Note: Manufacturers investing in R&D resulted in Stage IV NOx emissions being reduced by over 95% and particulate mass emissions being reduced by over 97% (compared to Stage I limits). The law now requires that Stage V engines are used for new machinery and these will reduce emissions even further, with particulate mass emissions being reduced by over 98% and an all-new particulate number limit being introduced. Coupled with alternative fuels such as hydrogen, electric and hybrid, new construction equipment is equipped to operate on even the most stringent Low Emissions Zone (LEZ) job sites.
Levelling Up – The majority of NRMM manufacturers in the UK are based in the North of England and the Midlands. Coupled with the significant number of regionally based infrastructure pipeline projects, supporting the UK construction equipment sector will facilitate substantial levelling up.
UK Construction / Construction Equipment Sector, Economic Reach. The economic multiplier of the combined UK construction sector is a return of £3 for every £1 spent. A scrappage scheme would benefit not only the OEMs (original equipment manufacturers), but the manufacturing supply chain, aftermarket and attachments, end users, contractors and the £4 billion plant hire sector. The UK construction equipment sector, valued at £13 billion pa to UK Plc employing over 44,000 workers (BEIS sponsored sector study 2019) and forms part of the wider UK construction sector. The sector, valued at over £117 billion in 2018 million, represents over 6% of GDP, employing over 2.4 million workers – 6.6% of all jobs (source: House of Commons Library briefing paper 01432, 16 December 2019). The Construction Products / Materials sector adds a further £61 billion P/A and employs over 373,000 (source: CPA)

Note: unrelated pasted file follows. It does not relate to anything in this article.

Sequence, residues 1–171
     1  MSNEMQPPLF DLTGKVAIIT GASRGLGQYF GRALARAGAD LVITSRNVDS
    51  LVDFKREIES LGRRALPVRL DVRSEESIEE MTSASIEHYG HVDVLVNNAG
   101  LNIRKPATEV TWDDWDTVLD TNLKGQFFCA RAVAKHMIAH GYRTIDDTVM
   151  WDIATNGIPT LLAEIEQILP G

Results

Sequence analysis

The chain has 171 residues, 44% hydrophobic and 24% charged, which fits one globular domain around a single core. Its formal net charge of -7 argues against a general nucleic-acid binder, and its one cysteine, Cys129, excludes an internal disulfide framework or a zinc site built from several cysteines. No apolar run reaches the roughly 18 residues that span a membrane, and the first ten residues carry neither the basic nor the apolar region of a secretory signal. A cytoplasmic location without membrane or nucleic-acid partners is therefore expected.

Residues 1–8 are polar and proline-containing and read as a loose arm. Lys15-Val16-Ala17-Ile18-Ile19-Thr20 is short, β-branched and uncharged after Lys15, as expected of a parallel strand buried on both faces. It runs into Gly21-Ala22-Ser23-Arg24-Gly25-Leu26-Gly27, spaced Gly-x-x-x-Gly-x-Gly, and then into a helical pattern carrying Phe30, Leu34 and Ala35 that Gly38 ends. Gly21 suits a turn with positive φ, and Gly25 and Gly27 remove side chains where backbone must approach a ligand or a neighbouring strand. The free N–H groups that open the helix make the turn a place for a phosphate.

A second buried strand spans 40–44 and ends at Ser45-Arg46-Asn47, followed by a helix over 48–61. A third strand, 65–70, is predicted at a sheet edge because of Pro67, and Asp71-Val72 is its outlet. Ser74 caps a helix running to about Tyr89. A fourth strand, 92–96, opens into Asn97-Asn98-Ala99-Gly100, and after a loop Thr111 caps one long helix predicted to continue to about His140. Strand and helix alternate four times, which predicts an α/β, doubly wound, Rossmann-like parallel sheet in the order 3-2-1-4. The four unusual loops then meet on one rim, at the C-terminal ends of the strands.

NRMM / Construction Equipment Capital Investment Incentive Programme outcomes:
- Stage V NRMM (Non Road Mobile Machinery) NOx emissions reduced by 95.7%, particulate mass emissions reduced by 98.2% and particulate number being limited for the first time, relative to some older equipment currently in use in the UK.
- Higher specification plant using less fuel, more efficiently.
- SME contractors able to upgrade the fleet, allowing opportunities to tender for HS2 / GLA / TfL projects.
- Access to finance for higher cost electric or hydrogen fuelled plant for use in urban environment.
- Drive manufacturers to invest in R&D, increasing productivity and developing digital manufacturing technologies.
- Greening of production leading to lower / zero emissions in factories.
- Protect / create jobs.
- Older, higher emission plant removed from the national machine park to be exported or remanufactured/recycled – circular manufacturing.
Joanna Oliver MBE, CEA Director of Global Programmes and Dale Camsell, CEA Senior technical Consultant.